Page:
Limbo

As we write (Tuesday, November 21, 3:00 p.m., EST), it is two weeks after Election Day, and still the United States has no president-elect. Perhaps by the time this issue of Commonweal is in your hands, we will-but then again, perhaps we won’t.

Should we worry?

The United States still has a president, who is enjoying his final lap around the track, but certainly able and willing to govern. There is no constitutional crisis. The republic has not crumbled. No rogue nation is causing immediate trouble, and no new wars have broken out. After initial jitters, the stock market goes its erratic way. The rest of the world is having a good laugh at the wildly divergent election practices and ballots of the greatest democratic nation in history. Let them laugh. Americans themselves seem to be calmly observing one of the most remarkable civic lessons in the nation’s history-"not since the eighth grade have I thought about the electoral college," reports a cheerful woman on CNN.

Only TV commentators and campaign apparatchiks are on the verge of hysteria, assuring one another that the American public is demanding closure-now! Not really. (Are the networks preparing the next headline "Constitutional Crisis," for mid-December? With or without a question mark?)

The phrase "permanent campaign" has taken on a new meaning: William Daley (for Gore) and James Baker (for Bush) in Florida should strike terror in the heart of any reformer working to limit national elections to strictly two years!

The candidates-in-limbo, Al Gore and George Bush, have been no more inspiring in the interregnum than during the campaign. Bush’s brooding withdrawal to his Texas ranch, while others make his case, is troubling. Where would he go as president during a real national crisis? Gore’s hyperactive, behind-the-scenes politicking summons an image of the consummate pol, Bill Clinton, but without the ability to win friends and influence people. He has failed, for examle, to speak plainly and promptly about why a recount matters. Neither Bush nor Gore has displayed the qualities Americans like to think of as presidential, but then inauguration day isn’t until January. Perhaps the mantle of office will endow the winner with a tad of charisma.

The Florida Supreme Court will likely have the final say in what must be included in the certified count that will award the state’s twenty-five electoral votes to the winning candidate, and then we will have a president-elect. Appropriate processes and procedures are in place right up to mechanisms, if need be, for choosing the new president in the United States House of Representatives. It only remains for the loser to bow out gracefully and the winner to gird for battle. All of this is cumbersome, but so far none of it is unreasonable or chaotic.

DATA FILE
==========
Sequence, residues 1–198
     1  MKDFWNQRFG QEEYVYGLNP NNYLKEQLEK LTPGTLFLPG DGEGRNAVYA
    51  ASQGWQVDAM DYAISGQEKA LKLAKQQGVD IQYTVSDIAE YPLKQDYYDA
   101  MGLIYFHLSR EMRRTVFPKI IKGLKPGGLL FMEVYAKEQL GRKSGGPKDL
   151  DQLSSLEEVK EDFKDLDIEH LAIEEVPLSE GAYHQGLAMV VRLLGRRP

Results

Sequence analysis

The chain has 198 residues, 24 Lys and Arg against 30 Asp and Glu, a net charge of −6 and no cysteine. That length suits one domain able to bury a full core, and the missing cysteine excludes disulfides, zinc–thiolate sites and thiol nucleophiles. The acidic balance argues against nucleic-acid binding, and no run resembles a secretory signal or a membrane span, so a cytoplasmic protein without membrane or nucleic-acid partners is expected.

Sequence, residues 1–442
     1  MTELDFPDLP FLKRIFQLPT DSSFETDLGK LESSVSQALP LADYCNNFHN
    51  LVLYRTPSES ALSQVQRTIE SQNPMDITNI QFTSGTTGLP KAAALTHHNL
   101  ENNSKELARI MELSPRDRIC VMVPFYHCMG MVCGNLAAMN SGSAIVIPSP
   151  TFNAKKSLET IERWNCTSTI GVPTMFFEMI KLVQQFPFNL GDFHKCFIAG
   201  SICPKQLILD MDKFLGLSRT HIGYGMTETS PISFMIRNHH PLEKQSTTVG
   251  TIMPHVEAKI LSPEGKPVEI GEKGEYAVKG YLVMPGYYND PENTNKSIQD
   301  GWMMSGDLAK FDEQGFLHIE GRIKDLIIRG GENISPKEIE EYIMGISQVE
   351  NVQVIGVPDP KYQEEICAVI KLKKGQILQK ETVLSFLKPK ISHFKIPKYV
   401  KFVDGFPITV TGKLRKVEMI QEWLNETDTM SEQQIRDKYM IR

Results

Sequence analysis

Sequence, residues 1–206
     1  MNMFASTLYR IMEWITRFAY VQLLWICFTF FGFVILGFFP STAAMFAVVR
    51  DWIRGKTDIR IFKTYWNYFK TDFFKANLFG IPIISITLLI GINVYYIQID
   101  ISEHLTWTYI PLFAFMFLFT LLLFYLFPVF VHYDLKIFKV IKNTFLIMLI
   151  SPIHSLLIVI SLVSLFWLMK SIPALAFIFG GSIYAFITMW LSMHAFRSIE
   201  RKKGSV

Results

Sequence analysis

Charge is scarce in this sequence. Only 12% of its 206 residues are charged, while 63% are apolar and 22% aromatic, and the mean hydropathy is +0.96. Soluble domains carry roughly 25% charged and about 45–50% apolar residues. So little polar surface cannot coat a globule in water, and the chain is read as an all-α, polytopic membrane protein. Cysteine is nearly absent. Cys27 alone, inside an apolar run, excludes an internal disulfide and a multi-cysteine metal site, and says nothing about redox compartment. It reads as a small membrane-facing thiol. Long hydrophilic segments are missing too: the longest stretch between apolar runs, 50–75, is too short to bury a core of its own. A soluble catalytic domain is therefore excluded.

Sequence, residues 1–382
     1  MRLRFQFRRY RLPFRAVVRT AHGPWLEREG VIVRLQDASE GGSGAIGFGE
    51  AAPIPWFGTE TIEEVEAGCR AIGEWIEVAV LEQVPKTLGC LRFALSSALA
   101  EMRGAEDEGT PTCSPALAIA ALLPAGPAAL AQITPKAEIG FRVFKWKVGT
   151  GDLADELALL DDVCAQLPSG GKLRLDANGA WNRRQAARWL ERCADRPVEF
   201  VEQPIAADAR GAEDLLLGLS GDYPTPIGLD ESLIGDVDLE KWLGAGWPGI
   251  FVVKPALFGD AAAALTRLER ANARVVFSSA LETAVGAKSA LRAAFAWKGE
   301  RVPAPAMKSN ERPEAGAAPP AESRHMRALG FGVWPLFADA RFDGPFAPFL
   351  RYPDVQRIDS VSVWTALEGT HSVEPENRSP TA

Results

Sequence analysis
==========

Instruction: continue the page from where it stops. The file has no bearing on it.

So no, don’t worry-yet.

The real trouble, if trouble there be, will come when the winner takes office. Bush or Gore? Will either have the legitimacy conferred by a decisive choice of the voters-and one that appears to be decisive? If Bush is the next president, he will have won the Electoral College, but not the popular vote. If it is Gore, he will have won both, but the Republicans’ stolen-election rhetoric will poison the well. It will be very tempting during a Gore presidency for congressional Republicans to carry out the Clinton impeachment by other means.

In any case, a Congress almost evenly divided between the two parties will make it hard for either man to carry out his campaign promises, or perhaps even to exercise the most basic activities of government-making judicial appointments, writing budgets, rewriting tax codes, conducting foreign policy, among others.

Is this what Americans voted for-stalemate? That’s not out of the question. The country has lived with stalemate for at least the last six years under Clinton. Arguably the last truly activist government, under Ronald Reagan, left the country with record deficits-hardly an experiment many Americans want to see repeated.

The campaign showed real differences in what each man, if elected president, would do about Social Security, Medicare, school vouchers, and the Supreme Court. Does a vote so close mean that the American public has said, "none of the above"?

One of the luxuries of a functioning democracy in good times may be the choice of not choosing-but it is a perilous choice should circumstances change, as they are bound to.

Published in the 2000-12-01 issue: 
Also by this author
Liberalism & its limits

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